Be a Game Changer: Quality

In chess, the pawn is considered to be the infantry. Its moves are limited, and many players consider it to be a low-value piece. However, when it arrives at the end of the board, it becomes a different piece, usually a queen, meaning it can gain all sorts of power.

Book quality is a lot like that. It’s there in the background and may seem very insignificant to the writer. After all, don’t people care about good characters and a great plot? Of course they do. But if they can’t even get into the book because of poor production quality, then you as a writer lose the game before it even starts.

Like pawns, book quality progresses one step at a time. Here are areas where you need to consider good quality. And for the rest of this post, I describe how to approach quality for both indie authors and traditionally (trad) published authors.

  • Proofing
  • Interior
  • Title
  • Tagline
  • Book description
  • Cover

Proofing. This first step provides the polish to the manuscript that makes it shine. If you’re an indie author, here’s a couple of tips if you wish not to hire a proofreader. First, you can read it out loud. Yes, the whole thing. Second, you can change the font to a different one (thanks to Don Vaughan for that suggestion). If you’re trad-published, your publisher should hire a proofreader. Still, make sure you get a copy and and that they do a good job. Most manuscripts will have a good markup.

Interior. This is your entire book between the front and back covers. It may seem minor, but it’s got to be right, especially since there’s a page with copyright information, disclaimers, etc (see my post on creating the interior). If indie publishing, make sure you include all that you need (e.g., title page, copyright information, acknowledgements) and that it’s error free. For trad-published authors, your publisher may do some of this but ask you to do other parts. Make sure your galley proof has everything needed.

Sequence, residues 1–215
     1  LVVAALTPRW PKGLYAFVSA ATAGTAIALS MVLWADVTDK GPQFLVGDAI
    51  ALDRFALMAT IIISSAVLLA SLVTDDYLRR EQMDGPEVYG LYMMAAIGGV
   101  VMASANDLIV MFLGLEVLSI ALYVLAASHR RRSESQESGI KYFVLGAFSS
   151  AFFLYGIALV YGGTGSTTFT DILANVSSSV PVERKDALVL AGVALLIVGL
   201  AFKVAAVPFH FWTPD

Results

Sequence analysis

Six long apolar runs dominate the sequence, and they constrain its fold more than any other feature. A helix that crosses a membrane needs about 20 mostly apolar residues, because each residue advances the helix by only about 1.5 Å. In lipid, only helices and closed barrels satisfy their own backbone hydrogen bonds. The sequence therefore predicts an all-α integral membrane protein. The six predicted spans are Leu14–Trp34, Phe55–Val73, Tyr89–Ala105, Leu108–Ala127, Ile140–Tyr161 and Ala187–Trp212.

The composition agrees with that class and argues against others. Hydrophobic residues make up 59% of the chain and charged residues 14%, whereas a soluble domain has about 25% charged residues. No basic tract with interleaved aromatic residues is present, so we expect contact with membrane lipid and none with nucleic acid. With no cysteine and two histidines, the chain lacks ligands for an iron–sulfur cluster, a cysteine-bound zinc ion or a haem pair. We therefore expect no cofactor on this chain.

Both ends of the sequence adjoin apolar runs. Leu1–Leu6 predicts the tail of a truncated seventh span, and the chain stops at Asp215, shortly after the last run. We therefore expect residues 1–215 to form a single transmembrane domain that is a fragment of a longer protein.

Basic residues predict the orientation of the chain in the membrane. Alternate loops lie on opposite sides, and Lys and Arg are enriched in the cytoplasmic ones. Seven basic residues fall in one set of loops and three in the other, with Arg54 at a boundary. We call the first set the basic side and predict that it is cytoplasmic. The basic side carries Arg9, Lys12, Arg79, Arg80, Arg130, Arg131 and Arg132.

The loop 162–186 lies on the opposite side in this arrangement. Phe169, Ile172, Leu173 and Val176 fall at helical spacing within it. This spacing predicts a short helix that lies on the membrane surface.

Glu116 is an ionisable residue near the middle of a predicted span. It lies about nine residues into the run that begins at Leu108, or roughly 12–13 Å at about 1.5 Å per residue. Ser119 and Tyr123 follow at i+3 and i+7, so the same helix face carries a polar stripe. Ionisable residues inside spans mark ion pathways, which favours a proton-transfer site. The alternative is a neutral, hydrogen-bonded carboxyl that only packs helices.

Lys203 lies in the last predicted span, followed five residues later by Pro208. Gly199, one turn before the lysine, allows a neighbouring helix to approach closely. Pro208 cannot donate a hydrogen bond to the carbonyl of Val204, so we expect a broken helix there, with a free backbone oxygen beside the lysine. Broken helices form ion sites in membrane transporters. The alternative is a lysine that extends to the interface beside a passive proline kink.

Title. A good title will invite a reader to pick up the book. Create a good title (see my post on creating titles). If indie publishing, this rests on you, the writer. If traditionally published, you may have less control. However, if you think the publisher has chosen one that doesn’t sit well with you, speak up.

Tagline. Taglines spice up a title if they’re memorable. I have some great ideas on developing taglines in another post. If you are indie publishing, this falls on your shoulders. You can conjure great taglines by inviting others to participate. If trad-published, your publisher will probably come up with the tagline. Hopefully, they will invite you to participate. If they don’t, once more, insist on involvement.

Book description. If the title and tagline hook the reader, the book description reels them in. Indie writers, make it good, but don’t give away everything (see my post on book descriptions). If traditionally published, you may be asked to draft it, and it will be revised by the publisher. When you get your galley copy, make sure it reads well.

Cover. This is the final step, as covers are built on the previous steps and can make or break a book. If indie published, I recommend that if you read none of the other posts I mentioned above, that you read this one and take what I say to heart. If traditionally published, this is a critical step for you, as the publisher will present you with a draft cover. I strong advise that you not sign off on it right away. Instead, listen to your instincts. If it doesn’t seem to fit, make suggestions.

There you have it. Like the pawn, you have progressed down the board through the steps in terms of making a book of good quality. A good proofing, interior, title, tagline, description, and cover will create a great product, one that a reader will pick up. And then the fun begins as they delve into the novel and learn about its characters, setting, and plot.

I have not received any compensation for writing this post.  I have no material connection to the brands, products, or services I have mentioned.  I am disclosing this in accordance with the Federal Trade Commission’s 16 CFR Part 255:
Guides Concerning the Use of Endorsements and Testimonials in Advertising.”

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